Friday, January 9, 2009

Kids Make Cheese Grits

The movie "My Cousin Vinny" gave us a classic laugh line when actor Joe Pesci, playing a New Jersey lawyer confronting breakfast in the Deep South, asks: "What's a grit?"

There's still some confusion over whether "grits" should be treated in the singular or the plural. But there's no mistaking where grits come from. They are ground corn, familiar as the indigenous grain to early Native Americans who passed them along to the first white settlers. Grits remain a staple of Southern cuisine.

The Indians soaked dried corn in lye, removing the tough shell or pericarp to produce large, soft kernels called "hominy." The large pieces could be ground into tiny grains we now call "grits." But it gets very confusing, because now grits are widely made from untreated corn but still called "hominy grits."

You can still find grits made the old fashioned way--dried corn ground between huge granite wheels. The process results in a fine powder, sold as corn meal, as well as the larger grains, sold as grits. These grits usually take an hour at least to fully cook and are considered by some the only proper kind of grits to serve. Otherwise, the grits sold in supermarkets under the Quaker Oats and other brands have been further processed to cook in as little as 20 or even 5 minutes, in the case of "instant grits." But be warned. Instant grits may taste more like library paste if you are used to the real deal.

Being from Chicago, grits were utterly foreign to me until I moved to the District of Columbia. In my student days, about a century ago, I worked at a federal job that started each morning before the crack of dawn. Our first break was breakfast. I recall musing over the strange mush I saw next to the scrambled eggs on the steam table in the cafeteria. I remember thinking it looked vaguely like cream of wheat. That, I was told, were grits.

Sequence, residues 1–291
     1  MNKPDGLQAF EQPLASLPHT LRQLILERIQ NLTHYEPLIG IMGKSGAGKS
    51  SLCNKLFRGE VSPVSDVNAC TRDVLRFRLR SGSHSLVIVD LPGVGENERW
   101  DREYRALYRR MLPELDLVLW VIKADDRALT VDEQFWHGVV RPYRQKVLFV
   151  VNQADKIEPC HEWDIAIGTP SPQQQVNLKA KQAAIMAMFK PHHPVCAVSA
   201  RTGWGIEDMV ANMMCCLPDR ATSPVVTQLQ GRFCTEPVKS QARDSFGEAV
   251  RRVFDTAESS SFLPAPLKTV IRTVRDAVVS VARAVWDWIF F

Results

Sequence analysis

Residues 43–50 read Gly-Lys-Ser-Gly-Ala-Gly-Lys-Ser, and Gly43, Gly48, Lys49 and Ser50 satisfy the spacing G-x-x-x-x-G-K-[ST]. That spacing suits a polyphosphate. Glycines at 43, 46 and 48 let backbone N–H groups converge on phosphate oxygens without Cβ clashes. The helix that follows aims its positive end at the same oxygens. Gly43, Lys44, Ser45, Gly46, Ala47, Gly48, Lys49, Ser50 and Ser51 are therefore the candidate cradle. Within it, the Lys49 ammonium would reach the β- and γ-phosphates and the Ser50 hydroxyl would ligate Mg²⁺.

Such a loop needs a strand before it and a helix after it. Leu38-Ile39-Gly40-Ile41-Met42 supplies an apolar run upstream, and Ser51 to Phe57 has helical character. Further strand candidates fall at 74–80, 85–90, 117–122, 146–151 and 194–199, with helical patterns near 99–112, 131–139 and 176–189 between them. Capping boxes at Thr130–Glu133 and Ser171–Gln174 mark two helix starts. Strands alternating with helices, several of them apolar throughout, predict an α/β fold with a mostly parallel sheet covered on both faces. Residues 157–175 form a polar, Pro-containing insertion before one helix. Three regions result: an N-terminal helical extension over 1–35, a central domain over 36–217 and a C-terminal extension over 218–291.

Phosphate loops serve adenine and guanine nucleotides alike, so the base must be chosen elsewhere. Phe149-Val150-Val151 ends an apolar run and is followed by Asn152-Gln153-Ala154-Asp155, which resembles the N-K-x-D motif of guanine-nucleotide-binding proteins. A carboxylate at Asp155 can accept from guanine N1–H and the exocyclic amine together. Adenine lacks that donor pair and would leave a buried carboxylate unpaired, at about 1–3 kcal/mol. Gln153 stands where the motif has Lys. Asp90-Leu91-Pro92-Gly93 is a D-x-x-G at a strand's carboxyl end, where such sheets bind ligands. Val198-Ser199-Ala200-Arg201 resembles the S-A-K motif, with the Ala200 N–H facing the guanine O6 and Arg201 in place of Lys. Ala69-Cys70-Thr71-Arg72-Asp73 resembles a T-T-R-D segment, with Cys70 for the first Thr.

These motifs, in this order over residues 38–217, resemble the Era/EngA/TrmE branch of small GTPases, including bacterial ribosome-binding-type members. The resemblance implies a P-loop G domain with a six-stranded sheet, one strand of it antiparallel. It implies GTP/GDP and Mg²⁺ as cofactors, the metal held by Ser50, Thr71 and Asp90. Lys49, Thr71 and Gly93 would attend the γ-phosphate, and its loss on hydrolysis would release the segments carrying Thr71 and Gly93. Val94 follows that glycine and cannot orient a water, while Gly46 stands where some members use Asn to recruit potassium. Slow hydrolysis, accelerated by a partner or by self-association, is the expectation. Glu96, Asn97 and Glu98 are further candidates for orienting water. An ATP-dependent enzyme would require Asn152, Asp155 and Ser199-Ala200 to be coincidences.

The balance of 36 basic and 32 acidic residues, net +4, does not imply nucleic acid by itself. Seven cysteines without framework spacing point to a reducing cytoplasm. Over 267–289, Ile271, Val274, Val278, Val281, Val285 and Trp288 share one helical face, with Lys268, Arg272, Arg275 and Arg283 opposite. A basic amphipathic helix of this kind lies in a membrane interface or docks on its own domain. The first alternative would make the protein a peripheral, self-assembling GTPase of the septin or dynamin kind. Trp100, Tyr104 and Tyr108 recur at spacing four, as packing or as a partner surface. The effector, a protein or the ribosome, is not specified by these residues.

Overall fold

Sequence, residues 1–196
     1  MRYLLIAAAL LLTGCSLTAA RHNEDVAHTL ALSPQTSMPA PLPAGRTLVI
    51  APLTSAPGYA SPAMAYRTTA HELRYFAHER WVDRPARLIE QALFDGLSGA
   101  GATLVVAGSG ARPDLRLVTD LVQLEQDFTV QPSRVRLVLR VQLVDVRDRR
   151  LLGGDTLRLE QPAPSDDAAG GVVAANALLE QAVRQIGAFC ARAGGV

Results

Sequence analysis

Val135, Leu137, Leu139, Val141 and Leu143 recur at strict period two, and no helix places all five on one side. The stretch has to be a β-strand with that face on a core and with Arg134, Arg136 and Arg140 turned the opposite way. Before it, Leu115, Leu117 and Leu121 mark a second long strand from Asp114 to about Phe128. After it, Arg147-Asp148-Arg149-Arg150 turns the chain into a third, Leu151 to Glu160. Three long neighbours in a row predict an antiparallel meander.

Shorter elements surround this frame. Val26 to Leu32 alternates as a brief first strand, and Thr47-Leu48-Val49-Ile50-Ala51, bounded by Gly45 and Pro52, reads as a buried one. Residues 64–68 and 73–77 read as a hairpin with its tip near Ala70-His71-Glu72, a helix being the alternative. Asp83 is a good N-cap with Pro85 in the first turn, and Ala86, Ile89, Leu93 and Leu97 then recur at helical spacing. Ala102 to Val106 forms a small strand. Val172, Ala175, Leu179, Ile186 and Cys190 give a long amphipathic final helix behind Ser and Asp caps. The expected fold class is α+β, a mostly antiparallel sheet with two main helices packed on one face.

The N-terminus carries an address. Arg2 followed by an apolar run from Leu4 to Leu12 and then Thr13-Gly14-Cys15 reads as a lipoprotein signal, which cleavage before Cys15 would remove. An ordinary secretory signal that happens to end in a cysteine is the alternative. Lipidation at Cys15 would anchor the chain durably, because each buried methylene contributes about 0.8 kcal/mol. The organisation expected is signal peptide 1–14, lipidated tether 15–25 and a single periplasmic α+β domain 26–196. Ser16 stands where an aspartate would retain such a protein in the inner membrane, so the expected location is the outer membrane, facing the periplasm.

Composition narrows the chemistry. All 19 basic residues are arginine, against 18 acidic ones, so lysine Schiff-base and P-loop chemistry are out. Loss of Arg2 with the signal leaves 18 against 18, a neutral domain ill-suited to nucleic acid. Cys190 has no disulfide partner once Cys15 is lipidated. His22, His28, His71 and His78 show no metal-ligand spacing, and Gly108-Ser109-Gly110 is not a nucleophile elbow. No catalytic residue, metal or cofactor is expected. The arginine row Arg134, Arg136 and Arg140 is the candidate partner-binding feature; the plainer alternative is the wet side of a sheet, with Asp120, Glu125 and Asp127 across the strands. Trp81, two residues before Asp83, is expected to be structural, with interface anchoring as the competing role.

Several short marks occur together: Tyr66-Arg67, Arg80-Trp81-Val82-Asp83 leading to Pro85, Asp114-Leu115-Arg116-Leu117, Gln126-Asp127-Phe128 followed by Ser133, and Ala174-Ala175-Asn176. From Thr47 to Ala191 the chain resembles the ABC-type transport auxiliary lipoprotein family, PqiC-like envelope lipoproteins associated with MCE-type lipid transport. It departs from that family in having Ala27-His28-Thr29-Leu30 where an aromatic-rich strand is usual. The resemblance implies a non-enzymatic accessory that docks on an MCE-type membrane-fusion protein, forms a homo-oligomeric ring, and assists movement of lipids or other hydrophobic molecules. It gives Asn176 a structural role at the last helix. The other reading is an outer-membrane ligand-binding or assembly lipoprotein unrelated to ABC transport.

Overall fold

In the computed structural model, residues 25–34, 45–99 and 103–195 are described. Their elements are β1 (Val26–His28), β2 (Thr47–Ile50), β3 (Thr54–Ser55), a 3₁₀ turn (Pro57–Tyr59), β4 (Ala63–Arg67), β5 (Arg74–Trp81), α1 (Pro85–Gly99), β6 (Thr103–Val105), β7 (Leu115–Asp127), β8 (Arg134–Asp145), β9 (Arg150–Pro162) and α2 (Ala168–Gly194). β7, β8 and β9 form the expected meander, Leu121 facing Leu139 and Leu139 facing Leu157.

Sadly, I never really developed a lasting taste for grits. A pity, because they can be truly delicious if made carefully and slowly in the traditional manner. In the South, grits are a virtual staple, served with ham and smothered in gravy. But grits are not just breakfast food. Shrimp and grits have risen to a fine art, suitable for the finest restaurants, in Charleston. Add eggs and they can become a sublime souffle.

While we are roaming around the South on our virtual world food tour, our "food appreciation" classes sampled old-fashioned grits seasoned with cheese. We used the yellow corn grits sold in bulk at the Whole Foods. Some cultures disdain yellow corn as unfit for humans. They insist on white corn. But I must say I don't detect any difference in taste.

First, soak 1 cup of fresh grits in a large bowl of water. Stir the grits at the bottom of the bowl. This will bring the tough bran from the milling process to the surface of the water where it can be swept away with a strainer. Meanwhile, heat 2 cups of water with 2 cups of milk in a heavy saucepan over moderately low heat. Strain the grits and add these to the pot. Cook very gently for about 1 hour, stirring frequently so that the grits do not stick to the bottom of the pan and burn. Slowly the grits will absorb the liquid, swell and become thicker. Add more milk if desired.